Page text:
A visit to North Korea this week by a top United Nations official is something of a landmark affair. Jeffrey Feltman, the chief diplomat and undersecretary general for political affairs at the UN, will be in Pyongyang until Friday, Dec. 8 for political discussions (paywall). It’s the highest-level visit in more than six years, and takes place with the region on edge over North Korea’s nuclear and missile programs.
On Monday, the U.S. and South Korea began their largest-ever joint aerial drills, prompting Pyongyang to say that the war games could push the Korean peninsula to “the brink of nuclear war.” That followed North Korea firing its third intercontinental ballistic missile on Nov. 29, one capable of reaching all of the US.
The visit by Feltman comes in response to an invitation by North Korean officials made on the sidelines of the annual gathering of world leaders at the UN in New York in September, UN spokesman Stephane Dujarric told reporters. Feltman will meet with North Korean foreign minister Ri Yong-ho and vice minister Pak Myong-guk, but not supreme leader Kim Jong-un.
Feltman previously served in a US diplomatic position that, under Donald Trump, the State Department is in no rush to fill. His official title was assistant secretary of state for Near Eastern Affairs. That’s one of the many diplomatic posts that has gone unfilled under the watch of secretary of state Rex Tillerson, who has set about unraveling the State Department (paywall) since assuming office in February. There are over 20 assistant secretary of state positions, but most of them remain unfilled. Another vacant spot is US ambassador to South Korea, a seemingly essential position given the tensions with North Korea, though Trump is expected to appoint former White House official and Korea expert Victor Cha to the position.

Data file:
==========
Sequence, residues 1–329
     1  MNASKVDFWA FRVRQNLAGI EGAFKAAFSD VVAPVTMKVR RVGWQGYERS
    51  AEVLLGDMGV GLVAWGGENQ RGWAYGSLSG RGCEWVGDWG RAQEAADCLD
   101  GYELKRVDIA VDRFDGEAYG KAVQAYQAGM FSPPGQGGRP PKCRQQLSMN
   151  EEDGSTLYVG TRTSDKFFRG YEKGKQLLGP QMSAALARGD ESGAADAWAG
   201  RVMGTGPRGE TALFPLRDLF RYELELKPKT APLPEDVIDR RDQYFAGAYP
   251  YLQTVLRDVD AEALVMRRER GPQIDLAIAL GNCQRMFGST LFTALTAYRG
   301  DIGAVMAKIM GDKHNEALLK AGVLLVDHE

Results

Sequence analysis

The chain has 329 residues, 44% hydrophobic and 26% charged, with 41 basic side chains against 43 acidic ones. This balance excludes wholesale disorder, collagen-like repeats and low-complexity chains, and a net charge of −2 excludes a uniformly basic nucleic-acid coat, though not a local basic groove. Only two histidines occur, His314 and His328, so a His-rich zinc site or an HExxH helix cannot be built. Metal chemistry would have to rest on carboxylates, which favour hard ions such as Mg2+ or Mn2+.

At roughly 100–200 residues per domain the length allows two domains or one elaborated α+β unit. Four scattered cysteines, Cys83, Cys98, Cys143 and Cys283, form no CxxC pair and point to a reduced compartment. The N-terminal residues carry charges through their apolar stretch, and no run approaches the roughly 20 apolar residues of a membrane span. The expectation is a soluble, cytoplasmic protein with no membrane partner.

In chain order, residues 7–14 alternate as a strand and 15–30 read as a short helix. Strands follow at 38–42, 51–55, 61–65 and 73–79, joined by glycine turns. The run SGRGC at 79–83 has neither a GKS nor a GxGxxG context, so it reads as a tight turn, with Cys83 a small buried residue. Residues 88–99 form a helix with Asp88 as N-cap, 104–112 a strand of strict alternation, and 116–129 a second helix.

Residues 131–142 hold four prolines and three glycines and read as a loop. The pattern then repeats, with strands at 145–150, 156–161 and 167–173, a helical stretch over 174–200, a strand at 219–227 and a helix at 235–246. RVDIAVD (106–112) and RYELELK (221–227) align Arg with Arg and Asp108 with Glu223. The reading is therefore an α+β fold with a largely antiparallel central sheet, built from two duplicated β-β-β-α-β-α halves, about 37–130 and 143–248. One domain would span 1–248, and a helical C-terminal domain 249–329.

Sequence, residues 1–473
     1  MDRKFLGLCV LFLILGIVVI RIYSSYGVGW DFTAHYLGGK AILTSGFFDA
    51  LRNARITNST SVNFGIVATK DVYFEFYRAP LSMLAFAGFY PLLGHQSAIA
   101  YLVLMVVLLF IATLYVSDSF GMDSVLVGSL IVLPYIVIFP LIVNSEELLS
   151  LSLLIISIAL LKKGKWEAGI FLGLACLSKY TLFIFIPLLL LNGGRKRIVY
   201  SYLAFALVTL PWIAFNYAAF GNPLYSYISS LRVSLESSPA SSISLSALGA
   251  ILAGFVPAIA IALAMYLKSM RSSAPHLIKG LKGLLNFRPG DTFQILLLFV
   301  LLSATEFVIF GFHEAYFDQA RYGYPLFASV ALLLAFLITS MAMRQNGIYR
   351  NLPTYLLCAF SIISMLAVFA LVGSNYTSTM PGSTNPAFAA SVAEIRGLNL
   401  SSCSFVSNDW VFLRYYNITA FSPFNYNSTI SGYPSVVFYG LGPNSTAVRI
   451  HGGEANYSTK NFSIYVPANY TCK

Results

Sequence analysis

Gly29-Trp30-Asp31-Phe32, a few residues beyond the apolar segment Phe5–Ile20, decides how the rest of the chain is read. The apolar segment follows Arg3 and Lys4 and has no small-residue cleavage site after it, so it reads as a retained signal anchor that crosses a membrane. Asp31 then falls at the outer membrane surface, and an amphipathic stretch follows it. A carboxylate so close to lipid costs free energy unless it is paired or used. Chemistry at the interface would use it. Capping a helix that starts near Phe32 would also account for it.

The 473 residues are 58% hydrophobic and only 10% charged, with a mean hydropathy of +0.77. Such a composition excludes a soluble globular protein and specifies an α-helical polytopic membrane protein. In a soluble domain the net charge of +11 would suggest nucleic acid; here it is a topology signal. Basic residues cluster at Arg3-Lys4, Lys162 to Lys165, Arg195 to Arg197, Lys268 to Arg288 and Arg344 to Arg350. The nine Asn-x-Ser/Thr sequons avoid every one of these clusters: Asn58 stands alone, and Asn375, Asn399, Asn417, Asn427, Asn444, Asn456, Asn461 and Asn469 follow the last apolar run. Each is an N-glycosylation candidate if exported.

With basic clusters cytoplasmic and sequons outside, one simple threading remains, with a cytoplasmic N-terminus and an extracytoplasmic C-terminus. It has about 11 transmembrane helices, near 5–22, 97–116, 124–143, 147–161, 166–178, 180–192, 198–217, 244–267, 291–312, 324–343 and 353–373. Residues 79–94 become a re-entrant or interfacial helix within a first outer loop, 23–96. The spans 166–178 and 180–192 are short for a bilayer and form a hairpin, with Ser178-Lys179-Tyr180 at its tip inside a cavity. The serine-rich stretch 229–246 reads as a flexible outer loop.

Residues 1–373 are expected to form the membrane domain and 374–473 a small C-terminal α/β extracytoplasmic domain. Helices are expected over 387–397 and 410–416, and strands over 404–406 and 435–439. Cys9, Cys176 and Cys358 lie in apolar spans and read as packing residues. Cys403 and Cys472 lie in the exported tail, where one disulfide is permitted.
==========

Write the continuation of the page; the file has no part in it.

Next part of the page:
Feltman served as the US ambassador to Lebanon, before taking on his current role at the UN in 2012. He is also from Ohio, the home state of American university student Otto Warmbier, who died after 17 months of detention in North Korea having been detained over an alleged attempt to steal a propaganda poster in his hotel.
Asked about the unfilled positions at the State Department, Trump told Fox News last month:
“So we don’t need all the people they want. I’m a businessman, and I tell my people, ‘When you don’t need to fill slots, don’t fill them.’ But we have some people that I’m not happy with there. Lemme tell you, the one that matters is me. I’m the only one that matters, because when it comes to it, that’s what the policy is going to be.”
The Trump administration has said it favors a diplomatic solution but that it would never accept North Korea as a nuclear-armed state. It’s warned that all options, including military ones, are on the table. Trump meanwhile has made bombastic threats against Kim, calling him “little rocket man” and saying North Korea would be met by “fire and fury” if it continued to threaten the US. North Korea has called Trump“mentally deranged” and a “dotard.”
Amid all this, many have called for greater efforts at diplomacy. For example, after Trump’s “fire and fury” comment, German chancellor Angela Merkel said she believes that talks with North Korea are the way forward. She said in September that the 2015 nuclear agreement between Iran and world powers could serve as a model for negotiations, and that her country would be eager to help in such talks.
Feltman’s trip is a way to “test the waters,” a UN representative told the Wall Street Journal (paywall).
An official with the State Department told Reuters it was “aware” of Feltman’s visit, but added that the Kim regime “has shown no interest in credible negotiations” and said it’s “imperative that the countries of the world present North Korea with a unified, unambiguous response to its unlawful provocations.”